The Munnar area was an extremely welcome respite from the heat due to its higher altitudes, and is one of the more beautiful places in the state because the hills are covered with spice and tea plantations. The residence we stayed in was amazing – built into the hill in the middle of nowhere, with spectacular views of the vivid green hills and valleys. We met great people, ate like kings, and relaxed our arses off.








While in the area, we drove up to top station, the highest point in the Western Ghats (a group of mountains in Southern India), and visited the Tata tea museum. As I have a deep running passion for a strong cup of flavourful tea, I loved this part. We learned how tea is grown and processed, sampled an amazing masala chai, and learned about the cooperative that was formed when the tea company was sold to its workers and is now run from the bottom up.



On the way back to Kochi, we stopped to buy Kylie a saree, her current plan for her grade 12 graduation outfit. She found one that looked stunning, and was waited on by heaps of doting and excitable staff. I have a picture, but I think Kylie would rather I didn’t post it…

Next was the crowning glory of Kerala: the backwaters. Ahhhhhhh. Only this could compete with the beauty of Munnar. We booked the trip through the same tour operator as Munnar, and it was quality all the way. We were on one of only two boats in the area aside from local fishing and transport boats, and our boats were propelled by two men with long bamboo sticks rather than by motors (which made  us feel like lazy asses). These two days were a whole lot of drinking in the sights of palm trees and slow river life, using the beaten up copy of “birds of India” to attempt to identify some majestic feathered friends (kingfishers and eagles for sure), and more relaxing and eating like kings.  Cheap beer, fresh fish, coconut-infused Keralan-curry, the works. After one night on the boat, we also spent another beside the backwaters at a farmstay.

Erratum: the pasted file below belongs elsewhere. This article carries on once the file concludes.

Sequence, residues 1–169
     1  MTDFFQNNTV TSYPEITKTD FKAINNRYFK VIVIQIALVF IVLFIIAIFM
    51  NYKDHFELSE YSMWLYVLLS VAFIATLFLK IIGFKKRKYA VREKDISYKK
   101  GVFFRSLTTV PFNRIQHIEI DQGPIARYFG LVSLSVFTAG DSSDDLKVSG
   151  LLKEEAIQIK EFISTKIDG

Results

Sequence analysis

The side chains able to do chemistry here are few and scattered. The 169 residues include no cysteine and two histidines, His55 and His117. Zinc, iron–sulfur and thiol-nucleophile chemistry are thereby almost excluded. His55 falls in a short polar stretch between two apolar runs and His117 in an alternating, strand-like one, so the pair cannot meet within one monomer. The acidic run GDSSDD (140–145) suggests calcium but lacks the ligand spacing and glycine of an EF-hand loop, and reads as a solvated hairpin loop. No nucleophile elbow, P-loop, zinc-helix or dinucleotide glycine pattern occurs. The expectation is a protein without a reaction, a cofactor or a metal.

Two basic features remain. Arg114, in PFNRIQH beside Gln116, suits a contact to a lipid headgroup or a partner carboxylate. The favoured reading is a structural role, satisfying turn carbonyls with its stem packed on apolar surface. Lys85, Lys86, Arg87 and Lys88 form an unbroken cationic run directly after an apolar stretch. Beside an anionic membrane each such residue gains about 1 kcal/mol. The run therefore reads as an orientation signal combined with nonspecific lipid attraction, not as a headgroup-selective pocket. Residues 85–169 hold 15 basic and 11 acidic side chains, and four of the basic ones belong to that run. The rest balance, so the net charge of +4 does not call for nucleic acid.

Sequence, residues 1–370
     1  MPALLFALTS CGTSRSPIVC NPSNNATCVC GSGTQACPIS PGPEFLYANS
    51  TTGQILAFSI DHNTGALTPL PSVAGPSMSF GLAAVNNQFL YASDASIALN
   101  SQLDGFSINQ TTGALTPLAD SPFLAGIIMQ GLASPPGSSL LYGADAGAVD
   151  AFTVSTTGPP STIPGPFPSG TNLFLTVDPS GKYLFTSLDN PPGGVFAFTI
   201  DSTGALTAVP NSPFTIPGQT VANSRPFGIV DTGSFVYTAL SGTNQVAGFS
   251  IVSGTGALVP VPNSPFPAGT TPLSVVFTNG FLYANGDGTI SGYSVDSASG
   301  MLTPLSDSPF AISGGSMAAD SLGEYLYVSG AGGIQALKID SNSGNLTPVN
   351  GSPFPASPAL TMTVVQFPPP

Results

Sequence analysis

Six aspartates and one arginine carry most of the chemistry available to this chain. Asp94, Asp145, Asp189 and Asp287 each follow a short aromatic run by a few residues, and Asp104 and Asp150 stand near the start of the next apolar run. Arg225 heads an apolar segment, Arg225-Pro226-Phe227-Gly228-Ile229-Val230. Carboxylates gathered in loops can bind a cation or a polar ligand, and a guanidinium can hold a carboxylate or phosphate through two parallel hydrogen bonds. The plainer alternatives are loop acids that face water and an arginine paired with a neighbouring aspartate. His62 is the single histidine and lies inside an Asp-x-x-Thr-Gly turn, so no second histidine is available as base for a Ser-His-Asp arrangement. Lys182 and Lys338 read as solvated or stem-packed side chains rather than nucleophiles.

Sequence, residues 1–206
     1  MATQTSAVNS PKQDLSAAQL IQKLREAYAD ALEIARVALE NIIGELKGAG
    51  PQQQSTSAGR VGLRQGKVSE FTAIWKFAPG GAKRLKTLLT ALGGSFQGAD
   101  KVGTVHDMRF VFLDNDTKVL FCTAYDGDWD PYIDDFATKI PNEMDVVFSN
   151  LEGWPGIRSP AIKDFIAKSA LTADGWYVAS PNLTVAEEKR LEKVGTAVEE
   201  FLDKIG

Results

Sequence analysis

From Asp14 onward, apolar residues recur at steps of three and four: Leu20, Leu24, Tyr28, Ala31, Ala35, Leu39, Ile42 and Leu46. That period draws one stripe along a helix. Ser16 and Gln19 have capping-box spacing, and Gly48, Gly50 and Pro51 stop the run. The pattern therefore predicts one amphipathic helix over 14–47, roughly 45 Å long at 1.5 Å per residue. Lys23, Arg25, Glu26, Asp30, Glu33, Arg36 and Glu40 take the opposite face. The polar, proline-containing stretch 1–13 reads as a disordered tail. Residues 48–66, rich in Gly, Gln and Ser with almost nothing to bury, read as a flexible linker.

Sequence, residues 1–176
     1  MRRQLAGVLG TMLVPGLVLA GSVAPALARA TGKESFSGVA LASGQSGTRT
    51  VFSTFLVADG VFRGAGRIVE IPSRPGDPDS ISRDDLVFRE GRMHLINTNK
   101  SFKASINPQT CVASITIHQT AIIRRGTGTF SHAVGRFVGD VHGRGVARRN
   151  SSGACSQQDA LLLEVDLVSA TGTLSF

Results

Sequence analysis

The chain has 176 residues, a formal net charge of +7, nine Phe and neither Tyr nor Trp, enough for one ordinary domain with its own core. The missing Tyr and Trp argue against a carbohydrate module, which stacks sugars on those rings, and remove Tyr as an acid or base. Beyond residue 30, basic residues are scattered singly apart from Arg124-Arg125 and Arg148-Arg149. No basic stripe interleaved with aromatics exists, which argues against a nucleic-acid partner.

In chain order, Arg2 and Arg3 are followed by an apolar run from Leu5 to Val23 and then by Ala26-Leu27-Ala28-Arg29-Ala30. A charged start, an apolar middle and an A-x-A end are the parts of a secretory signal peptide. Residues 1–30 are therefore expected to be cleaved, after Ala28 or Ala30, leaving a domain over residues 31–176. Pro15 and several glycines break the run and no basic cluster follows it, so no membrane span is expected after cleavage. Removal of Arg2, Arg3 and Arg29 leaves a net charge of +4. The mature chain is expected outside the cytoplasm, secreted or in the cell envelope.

From there, we hopped a train (Kylie’s first!) to Varkala, a coastal town perched on beautiful red cliffs. We planned on a few nights here and then another few nights in another beach town nearby, but ended up with 8 gloriously lazy days in Varkala. We had a nice hotel with AC (much needed at this time of year) and a sea view, and had been told about a nice restaurant that we ended up visiting at least once per day for organic salads, fresh juice, good coffee, and no curry. I love curry, but was quite excited for the variety. This was a pretty touristy place, but nice for the availability of yoga classes, shopping for hippie goods, massages and pedicures, and swimming and boogie boarding in the massive waves. We all ended up with some injuries – boogie board rope burn, stomach bruising with possible internal bleeding, nipple pain…